By Henry F. Lewis on July 16, 2020
When spouses choose to divorce, there are various issues that will need to be settled. Primary concerns include the division of assets, child custody, and child and/or spousal support. While it can always be difficult to come to agreeable arrangements, matters tend to be particularly complex in a military divorce.
The military lifestyle involves frequent moves and potential deployments, often requiring the military spouse to spend substantial time away from home. This needs to be taken into consideration when settling divorce matters. Divorce lawyers Michael A. Gardner and Henry F. Lewis can help individuals from the Oakland, CA area navigate the unique aspects of a military divorce.
Division of Assets
One of the key aspects of a divorce is determining how the couple’s assets will be divided between the two spouses. Assets include liquid assets, or cash on hand, as well as any owned property, and any retirement accounts.
Dividing property and liquid assets tends to be simple, since each spouse is typically due half of the financial value. However, dividing retirement accounts can be a little more complicated. All military members who provide at least 20 years of service are due a retirement pension for the rest of their lives. Even though the pension serves as compensation for time served, the spouse of a military service member may also have a right to part of the pension in the event of a divorce.
The Uniformed Services Former Spouses Protection Act, which was passed in 1982, determined that military pension should be treated as marital property. Spouses who are married to a military service member for 10 years or more have a right to half of the military pension, though this is negotiable based on other details of the marriage.
When our Oakland clients have children, child custody is often their primary concern in a divorce. In a typical divorce, the court usually leans towards a shared custody arrangement that gives both parents an equal amount of time with the child. However, custody arrangements in a military divorce may be different. Moves and deployments can make it difficult for spouses to share equal custody. It is much more likely in a military divorce that the non-service member will be granted primary physical custody, since this gives the children a sense of stability, but again, this may vary based on other details of the divorce.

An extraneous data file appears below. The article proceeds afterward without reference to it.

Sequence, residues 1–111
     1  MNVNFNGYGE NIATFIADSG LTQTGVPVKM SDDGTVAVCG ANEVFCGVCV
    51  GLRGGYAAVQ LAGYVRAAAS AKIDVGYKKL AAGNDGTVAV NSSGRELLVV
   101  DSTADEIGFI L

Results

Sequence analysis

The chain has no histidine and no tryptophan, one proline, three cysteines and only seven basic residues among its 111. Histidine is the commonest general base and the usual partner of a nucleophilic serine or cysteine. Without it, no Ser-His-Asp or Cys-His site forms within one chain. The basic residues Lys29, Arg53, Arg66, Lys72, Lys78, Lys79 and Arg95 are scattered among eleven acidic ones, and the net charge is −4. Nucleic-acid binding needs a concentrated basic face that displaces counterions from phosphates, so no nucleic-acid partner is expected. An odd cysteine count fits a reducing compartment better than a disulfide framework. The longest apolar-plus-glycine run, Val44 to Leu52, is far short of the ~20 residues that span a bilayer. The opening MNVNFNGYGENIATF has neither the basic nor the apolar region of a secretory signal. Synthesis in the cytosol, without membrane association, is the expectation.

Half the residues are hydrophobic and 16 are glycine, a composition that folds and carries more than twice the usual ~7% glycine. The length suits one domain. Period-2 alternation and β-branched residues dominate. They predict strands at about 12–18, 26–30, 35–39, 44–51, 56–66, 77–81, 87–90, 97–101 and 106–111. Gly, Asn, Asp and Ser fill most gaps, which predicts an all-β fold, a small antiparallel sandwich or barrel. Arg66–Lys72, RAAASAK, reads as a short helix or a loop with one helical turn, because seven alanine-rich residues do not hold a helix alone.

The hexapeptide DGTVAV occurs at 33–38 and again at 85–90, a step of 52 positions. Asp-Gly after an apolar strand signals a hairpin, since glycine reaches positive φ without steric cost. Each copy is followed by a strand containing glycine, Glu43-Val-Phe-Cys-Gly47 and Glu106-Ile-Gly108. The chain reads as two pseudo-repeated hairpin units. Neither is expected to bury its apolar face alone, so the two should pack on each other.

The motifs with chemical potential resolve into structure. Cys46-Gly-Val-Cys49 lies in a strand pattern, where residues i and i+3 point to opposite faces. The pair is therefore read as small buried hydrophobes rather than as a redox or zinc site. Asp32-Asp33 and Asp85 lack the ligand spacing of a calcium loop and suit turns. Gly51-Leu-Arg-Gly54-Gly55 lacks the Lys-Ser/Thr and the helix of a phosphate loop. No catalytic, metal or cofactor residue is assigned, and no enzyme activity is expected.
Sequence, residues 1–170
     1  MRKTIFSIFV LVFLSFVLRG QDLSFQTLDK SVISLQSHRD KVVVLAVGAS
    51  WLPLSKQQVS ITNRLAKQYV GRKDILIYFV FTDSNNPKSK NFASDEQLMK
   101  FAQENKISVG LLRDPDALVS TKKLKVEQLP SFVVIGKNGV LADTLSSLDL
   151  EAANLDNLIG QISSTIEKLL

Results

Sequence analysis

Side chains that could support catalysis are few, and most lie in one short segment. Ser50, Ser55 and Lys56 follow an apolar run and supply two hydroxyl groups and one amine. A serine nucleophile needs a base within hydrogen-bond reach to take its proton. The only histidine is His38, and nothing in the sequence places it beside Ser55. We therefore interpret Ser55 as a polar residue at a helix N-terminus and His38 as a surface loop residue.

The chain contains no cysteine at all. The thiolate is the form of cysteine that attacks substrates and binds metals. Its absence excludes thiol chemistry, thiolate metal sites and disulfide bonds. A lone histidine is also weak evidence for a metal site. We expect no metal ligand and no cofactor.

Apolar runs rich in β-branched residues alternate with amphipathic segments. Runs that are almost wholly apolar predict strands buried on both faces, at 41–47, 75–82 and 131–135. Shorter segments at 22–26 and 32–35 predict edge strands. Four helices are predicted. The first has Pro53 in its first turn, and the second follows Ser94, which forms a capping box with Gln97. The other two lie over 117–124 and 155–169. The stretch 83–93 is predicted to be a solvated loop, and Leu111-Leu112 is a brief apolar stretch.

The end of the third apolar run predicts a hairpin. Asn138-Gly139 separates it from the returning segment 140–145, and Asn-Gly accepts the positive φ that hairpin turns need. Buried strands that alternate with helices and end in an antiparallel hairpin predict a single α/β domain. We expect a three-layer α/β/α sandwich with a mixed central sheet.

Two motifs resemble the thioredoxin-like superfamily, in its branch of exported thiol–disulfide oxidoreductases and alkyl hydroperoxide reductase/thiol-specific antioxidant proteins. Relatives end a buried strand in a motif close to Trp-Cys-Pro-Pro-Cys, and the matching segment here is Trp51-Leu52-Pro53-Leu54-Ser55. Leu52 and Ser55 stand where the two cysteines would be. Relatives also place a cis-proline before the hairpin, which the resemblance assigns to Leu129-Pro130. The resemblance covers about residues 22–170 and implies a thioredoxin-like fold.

Child and/or Spousal Support
Child and spousal support are court ordered payments. Child support payments are generally calculated by taking into account the amount of time that the child spends with each parent, as well as the income of each spouse. If one spouse has primary custody of the children, the other spouse will be responsible for providing sufficient financial support. Military income can fluctuate based on deployments, transfer orders, and other factors, so this should be taken into account when determining support payments.
Spousal support is often another important aspect of a divorce. Due to the military lifestyle, it is not uncommon for the non-service member to be unemployed. Many put their education and/or career on hold to support the military lifestyle. In situations like these, the service member may be ordered to provide spousal support payments so that the other spouse is able to maintain the lifestyle they have grown accustomed to, at least until they are able to complete their education or find a suitable career.
Schedule a Consultation
The divorce lawyers at Gardner & Lewis, LLP understand the unique matters that need to be considered in a military divorce. If you are a military service member, or the spouse of a service member, and you are considering a divorce, our lawyers can help. To discuss your situation in further detail, call our Oakland law firm at (510) 451-4822 or schedule an appointment online.
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“The needs of your family are always at the forefront of our legal services. Whether through litigation or mediation, we believe that reaching a fair, efficient solution with minimal negative impact to your family is of the utmost importance.” Henry F. Lewis